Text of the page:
Fasting for 16 hours a day may not make a significant difference for weight loss or other health measures such as blood sugar control, according to a new study.
Researchers found no difference in weight loss or metabolic health between people who fasted and a control group during a 12 week study, when both group consumed roughly the same amount of calories.
That suggests fasting may work only if it helps people cut calories.
The study also found fasting could lead to a significant loss of muscle mass, leading to weakness and risk of weight regain.
Intermittent fasting — or, only eating within a specific window of time — is an increasingly popular way to lose weight, control blood sugar, and even potentially reduce the risk of illness.
But fasting alone may not confer any particular benefits compared to normal eating patterns, according to a study published today in JAMA Internal Medicine.
Researchers led by Dr. Ethan Weiss, cardiologist at the University of California, San Francisco, looked at 116 adults randomly assigned to either a fasting group or a control group over a 12 week period. The fasting group was instructed to limit all calorie intake to between 12 pm and 8 pm each day, while the control group ate three meals a day and were allowed snacks.
By the end of the 12-week study, there were no significant differences between the two groups, researchers found, either in terms of weight loss or other markers of metabolic health such as fat mass, cholesterol, or blood sugar control.
Both groups had lost a small amount of weight and while the fasting group lost slightly more weight on average, the difference was not enough to be statistically significant, the study found. The fasting group also lost slightly more lean mass (in the form of muscle, not fat) than the control group.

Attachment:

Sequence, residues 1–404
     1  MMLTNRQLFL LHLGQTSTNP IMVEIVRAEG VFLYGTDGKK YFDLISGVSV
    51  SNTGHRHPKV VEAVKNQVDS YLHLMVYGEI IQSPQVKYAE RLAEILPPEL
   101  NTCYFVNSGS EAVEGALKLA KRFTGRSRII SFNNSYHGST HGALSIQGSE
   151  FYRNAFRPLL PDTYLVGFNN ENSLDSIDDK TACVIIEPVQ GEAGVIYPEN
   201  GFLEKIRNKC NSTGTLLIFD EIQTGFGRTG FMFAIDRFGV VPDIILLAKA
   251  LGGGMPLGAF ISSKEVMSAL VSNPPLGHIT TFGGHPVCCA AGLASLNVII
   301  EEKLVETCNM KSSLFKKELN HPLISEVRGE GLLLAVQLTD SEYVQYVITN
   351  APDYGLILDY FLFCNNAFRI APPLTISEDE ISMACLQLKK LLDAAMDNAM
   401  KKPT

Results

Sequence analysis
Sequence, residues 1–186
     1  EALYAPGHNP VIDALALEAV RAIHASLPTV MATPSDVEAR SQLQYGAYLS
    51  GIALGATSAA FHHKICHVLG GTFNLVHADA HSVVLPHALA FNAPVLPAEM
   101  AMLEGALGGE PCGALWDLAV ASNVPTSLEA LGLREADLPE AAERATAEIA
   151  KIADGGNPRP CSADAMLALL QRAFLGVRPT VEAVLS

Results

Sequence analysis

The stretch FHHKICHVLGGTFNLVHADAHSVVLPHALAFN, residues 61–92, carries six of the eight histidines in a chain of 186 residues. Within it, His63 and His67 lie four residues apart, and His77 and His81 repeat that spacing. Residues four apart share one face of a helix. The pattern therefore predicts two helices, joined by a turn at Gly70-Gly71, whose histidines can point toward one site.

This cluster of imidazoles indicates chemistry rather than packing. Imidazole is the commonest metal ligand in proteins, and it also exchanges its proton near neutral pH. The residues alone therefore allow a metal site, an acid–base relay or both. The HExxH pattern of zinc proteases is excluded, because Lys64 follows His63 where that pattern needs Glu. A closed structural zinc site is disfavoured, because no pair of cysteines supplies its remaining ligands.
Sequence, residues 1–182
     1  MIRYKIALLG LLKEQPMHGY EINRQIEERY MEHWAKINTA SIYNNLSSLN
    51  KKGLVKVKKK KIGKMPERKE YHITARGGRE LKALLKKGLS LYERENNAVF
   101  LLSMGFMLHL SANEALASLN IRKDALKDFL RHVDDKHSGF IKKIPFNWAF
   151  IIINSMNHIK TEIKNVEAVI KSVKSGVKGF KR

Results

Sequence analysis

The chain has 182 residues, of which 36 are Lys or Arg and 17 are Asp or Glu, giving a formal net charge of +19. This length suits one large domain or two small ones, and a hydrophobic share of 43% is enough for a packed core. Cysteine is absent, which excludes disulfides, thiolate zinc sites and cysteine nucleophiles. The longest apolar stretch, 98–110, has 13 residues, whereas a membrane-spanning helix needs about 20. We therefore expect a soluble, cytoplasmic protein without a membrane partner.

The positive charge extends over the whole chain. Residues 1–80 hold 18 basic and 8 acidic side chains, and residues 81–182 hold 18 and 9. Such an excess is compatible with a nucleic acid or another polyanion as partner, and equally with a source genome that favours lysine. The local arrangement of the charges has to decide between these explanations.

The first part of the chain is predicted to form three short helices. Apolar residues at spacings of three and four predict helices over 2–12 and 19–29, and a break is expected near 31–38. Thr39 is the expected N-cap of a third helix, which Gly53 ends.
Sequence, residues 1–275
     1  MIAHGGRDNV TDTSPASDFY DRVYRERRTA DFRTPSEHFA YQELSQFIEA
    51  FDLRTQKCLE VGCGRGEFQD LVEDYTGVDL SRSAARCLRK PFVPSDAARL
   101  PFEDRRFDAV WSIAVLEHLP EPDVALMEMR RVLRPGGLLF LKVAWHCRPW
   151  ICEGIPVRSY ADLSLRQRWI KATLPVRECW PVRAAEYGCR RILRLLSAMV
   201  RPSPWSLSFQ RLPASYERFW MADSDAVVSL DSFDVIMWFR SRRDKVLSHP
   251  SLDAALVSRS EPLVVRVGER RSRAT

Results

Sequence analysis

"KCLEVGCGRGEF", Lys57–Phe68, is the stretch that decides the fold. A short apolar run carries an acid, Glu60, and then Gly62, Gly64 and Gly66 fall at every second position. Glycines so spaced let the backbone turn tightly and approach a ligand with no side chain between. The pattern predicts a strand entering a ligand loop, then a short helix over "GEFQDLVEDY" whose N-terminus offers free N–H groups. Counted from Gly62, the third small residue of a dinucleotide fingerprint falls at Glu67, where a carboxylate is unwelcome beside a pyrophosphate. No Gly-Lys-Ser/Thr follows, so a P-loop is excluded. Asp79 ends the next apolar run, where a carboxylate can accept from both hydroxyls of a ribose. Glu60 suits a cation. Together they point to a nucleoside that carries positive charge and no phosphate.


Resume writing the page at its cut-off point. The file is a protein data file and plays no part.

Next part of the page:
Other research has found fasting boosts weight loss, but the key could be calorie reduction
The results of this study are in contrast with previous research findings that fasting can boost weight loss. However, a key difference in this study was that participants didn't have to adhere to any calorie restrictions, exercise goals, or specific macronutrient intake (of carbs, fat, or protein).
While participants didn't record their daily calorie intake, researchers estimated that both groups consumed roughly the same amount of daily calories throughout the study.
Previous research that links fasting to better weight loss also found that participants cut as many as 500 calories a day, which could explain the difference.
That suggests that fasting could have benefits for weight loss if it helps people reduce their calorie intake without tracking or restricting certain foods. The results of this study, however, suggest that fasting by itself, without calorie reductions, does not have any particular benefits for weight loss.
Longer fasts could lead to metabolic benefits, but also muscle loss
Researchers also theorized that the 8-hour fasting window was too long to see some of the metabolic benefits, such as blood sugar control, in other studies. A small study from January, for instance, found that a 6-hour eating window was linked to weight loss and cardiovascular benefits.
However, there could be a tradeoff to fasting — loss of muscle mass, which over time is linked weight regain as well as side effects such as weakness. That may be because in addition to typically lowering calorie intake, fasting is often linked to lower protein consumption, unless participants are given a specific daily goal for protein consumption.
This study found fasting participants loss slightly more lean mass than the control group, and in fact 65% of their total weight loss was muscle mass. That's significantly more than in a typical calorie-restricted diet, in which muscle mass accounts for 20-30% of weight loss.
That suggests fasting may not be worth the downsides of hunger and muscle loss, according to some experts, but more research is needed to better understand how fasting affects lean muscle mass.
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